Credit Card Accountability Responsibility and Disclosure Act of 2009

Posted by Admin on March 3, 2010
Filed under Credit repair | Comments (12)

The CARD Act’s came into effect on 22nd February 2010 and issuers are scrambling to change credit card terms. As a responsible cardholder, keep up with any changes to your card policy so your credit score doesn’t get punished for any maxed out credit cards, cut credit limits, or closed accounts. Take a close look at any notifications in the mail from your issuer, and if you are in good standing with them, call your issuer and dispute the changes to your cards’ terms and conditions.

Know all about the CARD Act right here right now!

1. Finance Charge and interest rate increase

So what does the CARD Act say about the increase in the interest rates and finance charges on your credit cards


• No interest rate increases during the first 12 months of opening a credit card, unless the rate increase was disclosed when you first opened the credit card.

• No interest rate increases on pre-existing balances. If your credit card issuer decides to increase your interest rate, that new rate would only apply to new balances. Your current balance would continue to be subject to the old interest rate. There’s an exception, however, if you become more than 60 days late on your credit card payments.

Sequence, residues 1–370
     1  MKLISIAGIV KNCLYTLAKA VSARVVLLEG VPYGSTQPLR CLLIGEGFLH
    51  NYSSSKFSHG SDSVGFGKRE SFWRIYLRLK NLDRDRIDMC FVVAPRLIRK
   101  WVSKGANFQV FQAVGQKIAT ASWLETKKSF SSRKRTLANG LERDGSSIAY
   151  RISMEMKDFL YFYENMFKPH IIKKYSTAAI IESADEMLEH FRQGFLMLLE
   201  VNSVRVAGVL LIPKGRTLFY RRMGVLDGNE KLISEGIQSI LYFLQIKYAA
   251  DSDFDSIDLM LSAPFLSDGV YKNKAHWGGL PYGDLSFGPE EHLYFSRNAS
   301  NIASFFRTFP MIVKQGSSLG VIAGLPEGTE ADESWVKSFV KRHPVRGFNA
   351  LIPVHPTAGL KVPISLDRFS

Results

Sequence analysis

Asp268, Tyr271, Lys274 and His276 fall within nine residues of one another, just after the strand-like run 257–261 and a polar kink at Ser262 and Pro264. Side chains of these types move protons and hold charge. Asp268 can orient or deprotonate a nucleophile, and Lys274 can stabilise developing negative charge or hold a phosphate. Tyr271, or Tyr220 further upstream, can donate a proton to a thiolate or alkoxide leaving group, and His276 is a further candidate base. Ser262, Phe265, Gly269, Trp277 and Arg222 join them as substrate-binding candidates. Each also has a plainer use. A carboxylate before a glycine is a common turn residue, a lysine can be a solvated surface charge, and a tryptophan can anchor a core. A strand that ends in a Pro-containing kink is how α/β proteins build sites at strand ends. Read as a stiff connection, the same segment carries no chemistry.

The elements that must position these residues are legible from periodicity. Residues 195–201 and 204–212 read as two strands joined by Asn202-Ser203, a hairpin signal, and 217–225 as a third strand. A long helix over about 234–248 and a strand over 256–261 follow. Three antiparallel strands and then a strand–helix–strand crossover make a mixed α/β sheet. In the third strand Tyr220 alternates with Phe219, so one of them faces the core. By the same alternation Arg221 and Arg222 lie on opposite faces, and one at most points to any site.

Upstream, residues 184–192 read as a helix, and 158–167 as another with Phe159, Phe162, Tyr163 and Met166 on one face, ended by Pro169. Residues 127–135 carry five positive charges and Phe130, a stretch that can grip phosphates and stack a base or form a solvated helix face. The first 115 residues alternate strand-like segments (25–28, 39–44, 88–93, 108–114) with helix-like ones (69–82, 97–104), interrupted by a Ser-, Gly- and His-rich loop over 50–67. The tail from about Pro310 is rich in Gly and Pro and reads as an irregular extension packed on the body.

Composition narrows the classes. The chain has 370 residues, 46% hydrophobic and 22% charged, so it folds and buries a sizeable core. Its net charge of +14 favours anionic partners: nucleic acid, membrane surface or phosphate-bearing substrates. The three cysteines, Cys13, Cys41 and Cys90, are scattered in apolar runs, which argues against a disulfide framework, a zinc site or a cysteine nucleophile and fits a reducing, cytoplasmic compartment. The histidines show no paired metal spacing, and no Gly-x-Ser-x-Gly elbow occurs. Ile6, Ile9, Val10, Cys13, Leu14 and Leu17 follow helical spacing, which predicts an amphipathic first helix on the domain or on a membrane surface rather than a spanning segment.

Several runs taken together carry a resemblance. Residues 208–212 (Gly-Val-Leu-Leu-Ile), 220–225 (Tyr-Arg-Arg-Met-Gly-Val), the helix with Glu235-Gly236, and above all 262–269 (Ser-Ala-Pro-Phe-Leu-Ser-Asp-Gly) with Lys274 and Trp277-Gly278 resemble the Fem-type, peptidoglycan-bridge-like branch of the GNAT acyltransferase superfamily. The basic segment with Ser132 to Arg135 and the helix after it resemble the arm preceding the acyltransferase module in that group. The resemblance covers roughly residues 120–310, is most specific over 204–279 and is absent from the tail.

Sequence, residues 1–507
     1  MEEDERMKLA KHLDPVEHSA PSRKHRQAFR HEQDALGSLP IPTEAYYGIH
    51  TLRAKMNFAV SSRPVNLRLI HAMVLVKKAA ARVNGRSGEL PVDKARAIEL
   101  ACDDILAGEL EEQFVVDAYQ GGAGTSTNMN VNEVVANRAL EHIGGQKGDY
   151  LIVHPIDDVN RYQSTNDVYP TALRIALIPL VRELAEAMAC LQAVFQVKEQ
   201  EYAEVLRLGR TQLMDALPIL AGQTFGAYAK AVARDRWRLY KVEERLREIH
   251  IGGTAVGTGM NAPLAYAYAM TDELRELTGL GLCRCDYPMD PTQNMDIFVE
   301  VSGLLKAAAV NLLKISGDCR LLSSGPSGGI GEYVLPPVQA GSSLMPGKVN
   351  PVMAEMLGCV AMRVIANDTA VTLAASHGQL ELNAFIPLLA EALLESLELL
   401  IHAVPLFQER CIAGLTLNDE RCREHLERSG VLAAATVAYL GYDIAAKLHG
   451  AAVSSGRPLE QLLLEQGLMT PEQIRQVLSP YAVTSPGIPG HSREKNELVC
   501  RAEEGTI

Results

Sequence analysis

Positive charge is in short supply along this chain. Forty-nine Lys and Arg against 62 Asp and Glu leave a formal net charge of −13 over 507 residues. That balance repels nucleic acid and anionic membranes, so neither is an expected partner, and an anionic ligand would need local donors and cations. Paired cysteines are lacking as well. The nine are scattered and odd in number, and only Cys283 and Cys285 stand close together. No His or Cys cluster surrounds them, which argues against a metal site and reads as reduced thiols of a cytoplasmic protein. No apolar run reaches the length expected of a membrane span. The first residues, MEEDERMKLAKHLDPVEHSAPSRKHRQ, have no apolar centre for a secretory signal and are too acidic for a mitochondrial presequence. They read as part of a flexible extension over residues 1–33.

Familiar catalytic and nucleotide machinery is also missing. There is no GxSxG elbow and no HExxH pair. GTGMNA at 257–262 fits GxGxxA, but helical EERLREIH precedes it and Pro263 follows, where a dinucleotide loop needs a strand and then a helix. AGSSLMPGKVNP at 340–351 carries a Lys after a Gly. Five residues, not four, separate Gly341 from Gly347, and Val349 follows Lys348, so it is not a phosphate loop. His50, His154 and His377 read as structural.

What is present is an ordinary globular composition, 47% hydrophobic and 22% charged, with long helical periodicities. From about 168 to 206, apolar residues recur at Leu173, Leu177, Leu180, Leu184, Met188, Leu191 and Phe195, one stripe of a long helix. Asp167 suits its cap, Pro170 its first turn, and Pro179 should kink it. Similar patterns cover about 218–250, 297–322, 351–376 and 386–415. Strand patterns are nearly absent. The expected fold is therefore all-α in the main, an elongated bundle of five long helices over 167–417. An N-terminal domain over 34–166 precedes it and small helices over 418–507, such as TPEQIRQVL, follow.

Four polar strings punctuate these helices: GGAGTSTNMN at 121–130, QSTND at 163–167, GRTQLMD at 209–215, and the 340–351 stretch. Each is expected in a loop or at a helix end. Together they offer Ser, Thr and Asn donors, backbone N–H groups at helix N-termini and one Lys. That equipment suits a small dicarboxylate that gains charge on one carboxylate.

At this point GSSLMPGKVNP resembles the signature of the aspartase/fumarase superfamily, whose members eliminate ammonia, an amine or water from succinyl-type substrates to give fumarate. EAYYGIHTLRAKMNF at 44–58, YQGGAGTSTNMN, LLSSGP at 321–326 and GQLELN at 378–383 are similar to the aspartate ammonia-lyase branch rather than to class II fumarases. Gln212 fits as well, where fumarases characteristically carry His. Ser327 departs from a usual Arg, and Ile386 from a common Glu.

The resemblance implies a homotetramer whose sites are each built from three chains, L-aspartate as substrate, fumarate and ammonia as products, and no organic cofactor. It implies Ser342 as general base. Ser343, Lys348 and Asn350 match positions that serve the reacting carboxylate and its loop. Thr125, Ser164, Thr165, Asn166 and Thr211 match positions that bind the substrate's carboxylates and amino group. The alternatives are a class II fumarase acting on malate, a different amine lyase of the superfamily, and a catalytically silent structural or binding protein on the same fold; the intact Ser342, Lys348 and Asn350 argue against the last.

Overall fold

• Credit card companies will be required to provide consumers with a minimum 45 day advance notice of any interest rate change or significant contract change. Variable rates based on an index are excluded from this notification requirement.

• Your interest rate could increase if you don’t make the minimum payment within 30 days of your due date, even during the first 12 months of opening your account. You must receive a 45-day advanced notice of penalty rate increases.

 • Not only will your payments be due on the same day each month, but credit card companies must mail billing statements no later than 21 days before the due date.

• Increased rates must be reviewed and lowered if the review shows changes. Credit card issuers could no longer raise your rate to the default rate and leave it there even though you’ve improved your payment habits.

 • Promotional rates must last at least 6 months.


2. Payment Fees and Allocation


• Payments made by a cardholder by 5 P.M. EST on the due date will be considered an on- time payment. In addition, credit card companies can no longer charge a fee for telephone and web-based payments, except in the case of expedited payments on the due date or the day before the due date.

• No fees to make your credit card payment online, by mail, or over the phone, unless you make a last-minute payment over the phone and your bill is due the same day or next day.

• Payments above the minimum must be applied to highest-interest rate balances. If you have balances with different interest rates, the new rules require banks to allocate anything over the minimum payment to your highest interest rate balance. This reduces the amount of finance charges you pay on balances.


3. Over-the-Limit Charges